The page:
Conflict of Interest

The Board and Executives Have a Lot to Gain—Member-Owners Have a Lot to Lose.

A credit unions' directors and executives serve as stewards of their member-owners' institution. However, they typically make hundreds of thousands or millions of dollars by converting their members' credit union to a bank. This financial gain for insiders generally comes at the expense of members. In addition to rates and fees getting worse, conversion usually means the loss of valuable ownership.

Conversion Shifts Ownership
from Members to Insiders
As Credit Union
Members own 100%**
As Stock Bank
Members own 1-5%*
Credit Union Members Pie Chart Stock Bank Pie Chart Pie Chart Legend
While insiders make $, members are
not compensated for their loss of ownership.
*Estimates based on analysis of available data from 9 recent conversions. **Directors and executives are also members, and own a share equal to other members’.

How much do insiders make?

The board of directors acquired an average of $742,000 dollars each in stock and awards by converting and began paying themselves annually and per-meeting, according to a study of insider gain at five converted credit unions conducted by the Credit Union National Association.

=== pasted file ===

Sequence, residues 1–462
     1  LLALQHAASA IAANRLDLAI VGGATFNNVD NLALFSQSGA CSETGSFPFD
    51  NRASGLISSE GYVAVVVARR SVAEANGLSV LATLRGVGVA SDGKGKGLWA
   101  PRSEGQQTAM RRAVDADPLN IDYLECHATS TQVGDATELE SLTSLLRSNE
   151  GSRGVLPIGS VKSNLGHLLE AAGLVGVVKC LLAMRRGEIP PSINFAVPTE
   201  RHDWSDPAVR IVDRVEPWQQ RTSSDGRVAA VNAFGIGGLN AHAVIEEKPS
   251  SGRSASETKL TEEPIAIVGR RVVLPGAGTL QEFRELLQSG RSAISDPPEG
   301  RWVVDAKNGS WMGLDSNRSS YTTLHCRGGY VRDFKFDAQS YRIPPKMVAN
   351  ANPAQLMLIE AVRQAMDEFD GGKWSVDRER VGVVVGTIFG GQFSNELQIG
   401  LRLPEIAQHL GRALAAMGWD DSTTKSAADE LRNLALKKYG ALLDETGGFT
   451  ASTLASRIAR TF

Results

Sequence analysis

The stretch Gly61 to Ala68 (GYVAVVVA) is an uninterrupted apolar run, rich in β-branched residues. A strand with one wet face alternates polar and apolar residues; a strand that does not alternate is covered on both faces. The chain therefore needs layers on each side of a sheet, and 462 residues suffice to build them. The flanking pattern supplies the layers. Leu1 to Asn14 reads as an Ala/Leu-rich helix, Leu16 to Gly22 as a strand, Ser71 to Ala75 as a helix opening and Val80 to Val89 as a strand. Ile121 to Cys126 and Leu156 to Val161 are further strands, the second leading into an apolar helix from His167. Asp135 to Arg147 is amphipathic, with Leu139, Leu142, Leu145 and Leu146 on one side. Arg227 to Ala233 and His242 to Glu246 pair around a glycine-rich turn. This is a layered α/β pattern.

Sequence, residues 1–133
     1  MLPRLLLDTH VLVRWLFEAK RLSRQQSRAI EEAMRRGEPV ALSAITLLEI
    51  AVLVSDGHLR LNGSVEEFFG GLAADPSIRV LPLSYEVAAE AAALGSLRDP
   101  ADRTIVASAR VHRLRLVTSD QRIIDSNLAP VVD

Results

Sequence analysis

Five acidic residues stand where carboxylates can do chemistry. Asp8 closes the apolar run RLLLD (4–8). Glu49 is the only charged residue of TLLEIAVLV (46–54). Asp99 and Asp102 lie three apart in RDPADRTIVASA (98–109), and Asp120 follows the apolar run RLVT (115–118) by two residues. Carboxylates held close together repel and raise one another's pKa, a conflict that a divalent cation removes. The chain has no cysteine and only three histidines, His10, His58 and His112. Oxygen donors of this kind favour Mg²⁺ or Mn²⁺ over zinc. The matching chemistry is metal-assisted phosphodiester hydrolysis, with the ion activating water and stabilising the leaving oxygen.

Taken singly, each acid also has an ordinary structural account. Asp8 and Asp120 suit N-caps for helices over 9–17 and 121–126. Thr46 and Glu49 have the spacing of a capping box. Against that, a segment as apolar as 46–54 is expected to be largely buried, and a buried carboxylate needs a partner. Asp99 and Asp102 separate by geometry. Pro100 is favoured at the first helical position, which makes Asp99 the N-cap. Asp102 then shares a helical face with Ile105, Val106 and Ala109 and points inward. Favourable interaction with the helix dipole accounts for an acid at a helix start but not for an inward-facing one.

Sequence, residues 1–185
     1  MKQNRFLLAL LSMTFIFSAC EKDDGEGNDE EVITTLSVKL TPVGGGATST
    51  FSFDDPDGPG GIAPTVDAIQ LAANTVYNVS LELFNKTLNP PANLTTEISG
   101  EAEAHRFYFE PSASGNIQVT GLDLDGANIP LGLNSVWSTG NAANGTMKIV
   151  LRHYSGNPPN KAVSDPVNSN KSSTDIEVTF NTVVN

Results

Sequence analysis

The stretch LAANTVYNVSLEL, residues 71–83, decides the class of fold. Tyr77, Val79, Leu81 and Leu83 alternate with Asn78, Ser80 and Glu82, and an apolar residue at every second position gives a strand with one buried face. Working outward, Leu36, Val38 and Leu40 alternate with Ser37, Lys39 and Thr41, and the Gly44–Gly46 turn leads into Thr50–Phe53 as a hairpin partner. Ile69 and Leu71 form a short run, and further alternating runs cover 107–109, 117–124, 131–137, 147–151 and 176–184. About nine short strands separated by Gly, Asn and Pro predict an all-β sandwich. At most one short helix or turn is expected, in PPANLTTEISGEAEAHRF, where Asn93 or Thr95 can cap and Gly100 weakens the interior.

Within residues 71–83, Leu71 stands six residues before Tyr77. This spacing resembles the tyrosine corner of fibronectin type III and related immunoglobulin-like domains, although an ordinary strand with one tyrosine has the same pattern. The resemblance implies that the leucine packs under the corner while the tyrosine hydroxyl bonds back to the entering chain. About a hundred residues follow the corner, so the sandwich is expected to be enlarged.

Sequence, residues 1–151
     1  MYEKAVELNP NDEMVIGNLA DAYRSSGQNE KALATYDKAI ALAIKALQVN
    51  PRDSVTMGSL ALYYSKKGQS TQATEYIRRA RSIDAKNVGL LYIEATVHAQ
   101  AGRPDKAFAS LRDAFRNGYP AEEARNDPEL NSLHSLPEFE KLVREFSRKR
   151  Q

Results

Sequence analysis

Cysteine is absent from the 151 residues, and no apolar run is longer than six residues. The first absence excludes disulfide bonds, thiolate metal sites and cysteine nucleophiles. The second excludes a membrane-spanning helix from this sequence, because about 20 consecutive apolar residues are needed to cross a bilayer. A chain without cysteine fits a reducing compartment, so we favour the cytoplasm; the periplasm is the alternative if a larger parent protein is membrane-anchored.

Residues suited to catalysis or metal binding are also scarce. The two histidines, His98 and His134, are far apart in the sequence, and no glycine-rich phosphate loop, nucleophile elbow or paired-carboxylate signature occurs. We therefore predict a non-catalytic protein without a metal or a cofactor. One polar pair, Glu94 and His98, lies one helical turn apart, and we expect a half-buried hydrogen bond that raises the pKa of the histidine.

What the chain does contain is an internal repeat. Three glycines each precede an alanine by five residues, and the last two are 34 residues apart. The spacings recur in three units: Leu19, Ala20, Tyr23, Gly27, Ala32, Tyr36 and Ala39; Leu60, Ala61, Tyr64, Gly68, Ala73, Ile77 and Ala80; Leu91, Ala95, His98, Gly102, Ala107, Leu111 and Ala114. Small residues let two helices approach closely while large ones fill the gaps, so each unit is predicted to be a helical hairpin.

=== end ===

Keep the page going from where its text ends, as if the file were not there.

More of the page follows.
The CEOs at these former credit unions acquired or were given an average of $1.9 million dollars in stock gifts and options, are now paid more than 150% the salary of CEOs of similarly sized credit unions. Both groups are able to profit on the stock they purchased in a closed initial public stock offering. Directors and executives should not profit by recommending a conversion that costs members their ownership and good rates.

Insider Gain May Come at The Members' Expense

Insider gain at the member-owners' expense violates the trust between the member-owners and their elected and appointed leaders.
Directors and Executives Gain Member-Owners Lose
  • Insiders are able to give themselves 14% of the stock a credit union issues as options and grants. This is a direct transfer of valuable ownership from the member-owners to insiders. In a credit union that issues $10 million in stock, it is $1.4 million.
  • Salary increase, bonuses, and other perks for executives.
  • Annual and per meeting pay for directors, who had served as unpaid volunteers under credit union rules.
  • Profits on stock bought at IPO. This stock represents ownership that had belonged to the members
  • More centralized insider control under mutual or stock bank rules.
  • Members may lose valuable ownership of the credit union without compensation. They may buy it back as stock in the new bank, but typically 95-98% do not, and so receive nothing in return.
  • More expensive loans.
  • Lower paying savings.
  • Higher fees
  • Lose democratic one-member-one-vote governance
  • If stock is sold, legal mission changes from benefiting members to making profits off of customers.
For more information about how credit union to bank conversion works, take a look at the FAQ: Understand Credit Union Conversions page.

To learn about how conversion often negatively affects rates, go to Conversion and Rates.